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Sinn Fein using Provisional IRA cash to undermine democracy

Sinn Fein does not want the IRA in the headlines. It does, however, want people to know that what befell Paul Quinn and Kevin McGuigan could happen to them too, writes Sean O'Callaghan

Published 04/11/2015

Garda search a farmhouse after Cullyhanna man Paul Quinn was murdered in Oram near Castleblaney
Garda search a farmhouse after Cullyhanna man Paul Quinn was murdered in Oram near Castleblaney
Paul Quinn
A fuel laundering plant in south Armagh

So, the Provisional IRA still exists in some slimmed-down form and has access to some guns. Some of its members get involved in "criminal activity" but without the sanction or knowledge of the army council, which is elected from a 12-person executive which is, in turn, elected by an army convention, which is supposed to meet regularly in "peacetime".

We haven't been told if there has been an IRA convention in recent times or if an IRA executive still exists.

In fact, like the proverbial mushroom, we are normally kept in the dark and fed bull. It is only when the Provisional IRA steps reluctantly and briefly out of the shadows, as in the murder of Kevin McGuigan, that we are told something of what might actually be going on - and then only with great reluctance.

The real question is not that this goes on; most of us are not entirely stupid and it has been patently obvious. But what's the purpose, what's the point?

Does this Provisional IRA structure exist primarily to police the ceasefire, to keep us all safe in our beds at night? Why doesn't it just leave it up to the PSNI and the Garda, who, by all accounts, it supports?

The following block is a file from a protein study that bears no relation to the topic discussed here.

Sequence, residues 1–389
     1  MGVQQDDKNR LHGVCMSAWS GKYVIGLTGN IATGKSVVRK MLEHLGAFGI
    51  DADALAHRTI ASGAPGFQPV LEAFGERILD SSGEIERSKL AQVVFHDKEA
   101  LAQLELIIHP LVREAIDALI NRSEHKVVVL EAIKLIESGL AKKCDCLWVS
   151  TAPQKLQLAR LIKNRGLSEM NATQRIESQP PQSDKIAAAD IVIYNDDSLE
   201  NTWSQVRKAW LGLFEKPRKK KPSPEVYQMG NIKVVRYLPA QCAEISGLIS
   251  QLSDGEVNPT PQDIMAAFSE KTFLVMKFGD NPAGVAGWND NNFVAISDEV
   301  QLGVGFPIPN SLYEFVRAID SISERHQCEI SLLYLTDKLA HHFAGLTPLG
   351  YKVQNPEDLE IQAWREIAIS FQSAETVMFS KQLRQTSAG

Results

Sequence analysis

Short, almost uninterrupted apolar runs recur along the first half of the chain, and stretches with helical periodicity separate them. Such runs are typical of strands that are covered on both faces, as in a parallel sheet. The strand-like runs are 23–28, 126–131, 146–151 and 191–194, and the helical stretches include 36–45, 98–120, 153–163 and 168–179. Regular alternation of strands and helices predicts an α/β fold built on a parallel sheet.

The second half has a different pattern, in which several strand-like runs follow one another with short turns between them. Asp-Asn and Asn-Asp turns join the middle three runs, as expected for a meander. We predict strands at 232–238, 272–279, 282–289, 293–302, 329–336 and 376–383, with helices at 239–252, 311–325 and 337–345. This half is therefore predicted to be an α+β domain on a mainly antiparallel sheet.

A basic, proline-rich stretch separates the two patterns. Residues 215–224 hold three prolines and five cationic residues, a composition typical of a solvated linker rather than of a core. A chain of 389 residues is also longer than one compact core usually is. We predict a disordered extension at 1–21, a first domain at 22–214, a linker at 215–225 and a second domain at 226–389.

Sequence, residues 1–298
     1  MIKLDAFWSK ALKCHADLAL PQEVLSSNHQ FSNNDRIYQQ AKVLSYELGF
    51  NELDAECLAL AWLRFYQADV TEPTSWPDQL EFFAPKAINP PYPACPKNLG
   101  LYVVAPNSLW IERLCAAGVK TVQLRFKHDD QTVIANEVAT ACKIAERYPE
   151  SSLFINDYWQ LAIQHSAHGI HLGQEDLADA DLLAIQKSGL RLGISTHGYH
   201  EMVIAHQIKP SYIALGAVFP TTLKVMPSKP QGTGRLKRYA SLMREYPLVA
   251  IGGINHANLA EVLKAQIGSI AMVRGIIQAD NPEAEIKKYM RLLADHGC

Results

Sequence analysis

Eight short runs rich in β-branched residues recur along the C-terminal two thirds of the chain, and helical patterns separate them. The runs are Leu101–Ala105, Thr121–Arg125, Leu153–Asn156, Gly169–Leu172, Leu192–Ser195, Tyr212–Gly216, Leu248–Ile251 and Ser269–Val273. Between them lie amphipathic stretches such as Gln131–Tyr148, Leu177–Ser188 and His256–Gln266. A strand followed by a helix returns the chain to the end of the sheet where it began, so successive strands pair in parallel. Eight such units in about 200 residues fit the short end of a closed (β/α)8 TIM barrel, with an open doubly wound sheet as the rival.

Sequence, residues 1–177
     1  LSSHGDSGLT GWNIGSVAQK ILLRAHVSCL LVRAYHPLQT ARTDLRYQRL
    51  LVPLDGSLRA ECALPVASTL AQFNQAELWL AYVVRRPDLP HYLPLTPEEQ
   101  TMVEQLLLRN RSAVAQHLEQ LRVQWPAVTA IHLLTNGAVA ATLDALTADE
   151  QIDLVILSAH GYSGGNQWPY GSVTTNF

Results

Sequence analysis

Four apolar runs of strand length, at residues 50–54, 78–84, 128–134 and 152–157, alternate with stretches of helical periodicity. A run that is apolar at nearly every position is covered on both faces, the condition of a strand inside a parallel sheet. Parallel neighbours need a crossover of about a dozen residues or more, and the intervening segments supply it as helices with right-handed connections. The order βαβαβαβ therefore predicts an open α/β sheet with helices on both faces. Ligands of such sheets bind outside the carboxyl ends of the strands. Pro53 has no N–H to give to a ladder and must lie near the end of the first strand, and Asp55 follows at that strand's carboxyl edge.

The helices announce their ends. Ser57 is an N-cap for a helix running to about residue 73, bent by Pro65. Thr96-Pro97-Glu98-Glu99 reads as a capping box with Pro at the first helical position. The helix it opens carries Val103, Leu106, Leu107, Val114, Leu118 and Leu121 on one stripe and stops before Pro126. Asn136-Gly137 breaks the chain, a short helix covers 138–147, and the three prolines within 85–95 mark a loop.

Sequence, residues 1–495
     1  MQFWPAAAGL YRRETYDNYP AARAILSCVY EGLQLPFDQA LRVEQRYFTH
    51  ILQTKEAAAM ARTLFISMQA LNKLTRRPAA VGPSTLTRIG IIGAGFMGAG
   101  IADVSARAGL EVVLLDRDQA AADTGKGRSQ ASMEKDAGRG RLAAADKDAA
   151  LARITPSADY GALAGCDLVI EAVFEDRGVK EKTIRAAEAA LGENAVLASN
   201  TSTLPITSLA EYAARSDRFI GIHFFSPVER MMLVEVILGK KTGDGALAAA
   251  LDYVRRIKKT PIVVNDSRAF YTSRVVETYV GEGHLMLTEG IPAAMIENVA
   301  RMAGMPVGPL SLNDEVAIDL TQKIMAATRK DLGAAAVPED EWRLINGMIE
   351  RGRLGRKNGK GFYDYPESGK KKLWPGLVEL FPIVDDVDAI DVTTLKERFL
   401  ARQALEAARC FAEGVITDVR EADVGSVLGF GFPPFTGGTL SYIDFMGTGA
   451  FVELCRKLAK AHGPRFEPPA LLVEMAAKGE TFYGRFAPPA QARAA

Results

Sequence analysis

The police seem to be making a fairly good job of it so far. All Sinn Fein - or is that the IRA? - has to do is dish the dirt on dissident activity. It knows more about what goes on in its communities than anyone else.

Truth is none of the recent events and subsequent focus on the IRA does Sinn Fein much good politically on either side of the border. In fact, it is potentially disastrous for its hopes in the next Irish general election early next year, so why continue like this?

I can advance a number of reasons, but always bear in mind that people with no experience of democratic accountability might just behave badly because they think - and have good reason to believe - that they can get away with it.

People who were strongly identified with the Provisionals during the "long war" must have some worry about dissidents and "rogue loyalists". The knowledge that an armed IRA would hit back is probably a deterrent, truth be told, but is hardly how a "government party" should behave.

I believe there is a bigger fear, particularly in Belfast. That is a fear of revenge from the many victims of Provo rule.

From those who had a parent killed to those who were kneecapped or mutilated for anti-social activities, or had it happen to one of their family.

There are an awful lot of people with an awful lot of grudges who might be quick to seek revenge if the IRA was not there. An armed IRA, I mean, not some old comrades' association. Why else did it murder Kevin McGuigan?

This is all of its own making, of course, because, since 1970, it terrorised those within its own community who fell foul of it in any way. And now it is frightened of the consequences - simple as that. I think that particular situation applies primarily and mostly to Belfast.